Runners lace up for Lake Tahoe Marathon |

Runners lace up for Lake Tahoe Marathon

Becky Regan

Tahoe Daily Tribune fileJohn Weru of Oakland crosses the finish line first to win the Lake Tahoe Marathon for a third time Sept. 26, 2010 at Pope Beach in South Lake Tahoe.

Packs of runners pound out practice jogs and stretch to stay loose as they acclimate to the higher elevation Thursday. It’s the day before the big marathon weekend, and Lake Tahoe is crackling with pre-race electricity.

About 2,000 athletes are pouring into town for the 17th annual Lake Tahoe Marathon this weekend. Athletes will run, walk, bike, swim or paddle through 30 different events around the lake in three days. Those running will tackle three marathons in three days, among other distance options, as they test their endurance on the Tahoe streets.

“It’s one of the toughest marathons,” race director Les Wright said. “The thing with Tahoe is you’ve got the hills and elevation so people have to be fairly tough and not afraid of it.”

Tough is what more than 100 people running the three marathons have prepared for. Tougher are the 50 people who are running a Midnight Express around the lake for 72 miles Saturday. Toughest are those running a triple- or double-dare of two or three laps around the lake.

The ultra distances are impressive, but the traditional-length marathon of 26 miles is what started it all. With that in mind, this is the weekend lineup:

The Emerald Bay Marathon is first up, Friday at 7 a.m. with an Emerald Bay start and a Spooner Lake finish. Runners will be back at it the same time Saturday for marathon number two from Spooner Summit to Tahoe City, known as the Cal-Neva Marathon. The weekend ends the same way it originally started, with the traditional Lake Tahoe Marathon. The final run starts at Commons Beach in Tahoe City and wraps up at Pope Beach near South Lake.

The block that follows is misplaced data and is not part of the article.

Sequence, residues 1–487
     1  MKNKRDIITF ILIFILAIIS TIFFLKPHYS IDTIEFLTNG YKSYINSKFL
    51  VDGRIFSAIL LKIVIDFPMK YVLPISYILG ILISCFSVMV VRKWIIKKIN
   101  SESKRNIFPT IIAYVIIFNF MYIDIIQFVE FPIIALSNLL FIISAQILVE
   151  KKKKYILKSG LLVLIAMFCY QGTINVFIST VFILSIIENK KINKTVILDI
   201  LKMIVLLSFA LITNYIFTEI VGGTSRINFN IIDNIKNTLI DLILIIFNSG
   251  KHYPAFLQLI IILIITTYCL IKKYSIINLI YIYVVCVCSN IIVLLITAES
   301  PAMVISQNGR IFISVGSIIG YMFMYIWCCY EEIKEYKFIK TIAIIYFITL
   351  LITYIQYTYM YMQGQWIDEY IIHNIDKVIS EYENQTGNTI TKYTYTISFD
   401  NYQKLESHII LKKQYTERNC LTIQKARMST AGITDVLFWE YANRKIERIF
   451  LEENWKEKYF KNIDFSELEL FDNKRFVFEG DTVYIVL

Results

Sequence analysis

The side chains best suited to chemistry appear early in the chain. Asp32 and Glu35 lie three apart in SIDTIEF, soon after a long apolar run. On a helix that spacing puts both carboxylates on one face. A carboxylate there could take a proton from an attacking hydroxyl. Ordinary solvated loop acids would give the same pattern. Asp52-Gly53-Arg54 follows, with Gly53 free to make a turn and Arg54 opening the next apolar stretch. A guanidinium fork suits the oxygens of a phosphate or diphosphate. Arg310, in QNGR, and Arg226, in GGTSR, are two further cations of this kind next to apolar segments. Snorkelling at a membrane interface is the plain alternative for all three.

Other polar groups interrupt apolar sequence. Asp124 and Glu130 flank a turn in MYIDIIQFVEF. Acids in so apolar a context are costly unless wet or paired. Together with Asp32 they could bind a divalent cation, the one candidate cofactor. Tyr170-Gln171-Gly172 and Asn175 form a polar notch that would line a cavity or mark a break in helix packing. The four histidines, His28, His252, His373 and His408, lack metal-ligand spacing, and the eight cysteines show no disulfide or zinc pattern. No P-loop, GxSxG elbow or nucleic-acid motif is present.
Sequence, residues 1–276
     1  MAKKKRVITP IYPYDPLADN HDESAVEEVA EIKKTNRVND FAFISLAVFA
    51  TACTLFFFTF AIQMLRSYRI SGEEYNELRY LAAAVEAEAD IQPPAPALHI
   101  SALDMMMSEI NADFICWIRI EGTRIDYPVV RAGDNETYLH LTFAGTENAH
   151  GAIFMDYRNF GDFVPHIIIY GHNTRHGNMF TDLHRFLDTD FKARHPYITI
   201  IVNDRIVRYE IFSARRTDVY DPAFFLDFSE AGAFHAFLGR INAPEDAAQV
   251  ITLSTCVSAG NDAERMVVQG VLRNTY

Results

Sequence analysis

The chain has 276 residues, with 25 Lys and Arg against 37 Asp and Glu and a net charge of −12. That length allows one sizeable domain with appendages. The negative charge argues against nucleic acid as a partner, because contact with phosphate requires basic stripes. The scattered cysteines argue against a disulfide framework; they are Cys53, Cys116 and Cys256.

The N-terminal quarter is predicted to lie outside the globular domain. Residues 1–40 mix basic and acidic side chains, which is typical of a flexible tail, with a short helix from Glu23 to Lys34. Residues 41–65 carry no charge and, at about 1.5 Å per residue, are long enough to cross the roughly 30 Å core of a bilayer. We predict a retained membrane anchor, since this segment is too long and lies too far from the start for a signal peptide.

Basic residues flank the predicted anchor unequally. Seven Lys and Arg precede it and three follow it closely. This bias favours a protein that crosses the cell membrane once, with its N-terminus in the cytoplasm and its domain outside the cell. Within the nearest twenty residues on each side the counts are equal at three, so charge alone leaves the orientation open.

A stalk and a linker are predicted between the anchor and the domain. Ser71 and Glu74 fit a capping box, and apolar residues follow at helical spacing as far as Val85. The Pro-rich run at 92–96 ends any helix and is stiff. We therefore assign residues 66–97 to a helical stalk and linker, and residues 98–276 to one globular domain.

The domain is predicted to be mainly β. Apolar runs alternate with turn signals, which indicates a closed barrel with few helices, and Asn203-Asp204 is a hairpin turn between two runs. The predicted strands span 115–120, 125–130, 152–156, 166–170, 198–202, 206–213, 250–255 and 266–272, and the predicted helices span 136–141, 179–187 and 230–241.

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New to the event this year are three half marathons in three days. The half marathons will start at the same place and time as the full marathons and end at the 13-mile mark. There are also 10K and 5K race options available throughout the weekend.

On the bike-racing front, there will be a full 72-mile lake lap that starts and ends at Zephyr Cove Resort Saturday and a 35-mile bike.

A Lake Tahoe Triathlon will be held with a kayak or swim option for the first leg, and a choice of cycling and running distances to wrap the tri up. The triathlon can be tailored to the distances and events an athlete chooses.

There will also be standup paddleboard and kayak races, a historic fun run and a 20-mile power walk among other events.

Most of the weekend’s events can be tailored to suit individual athletes because the ultimate goal out there is to promote fitness and make it fun, Wright said.

Keep in mind that running might be faster than driving this weekend. The marathon does mean road closures or delays so check for details before getting frustrated in the car

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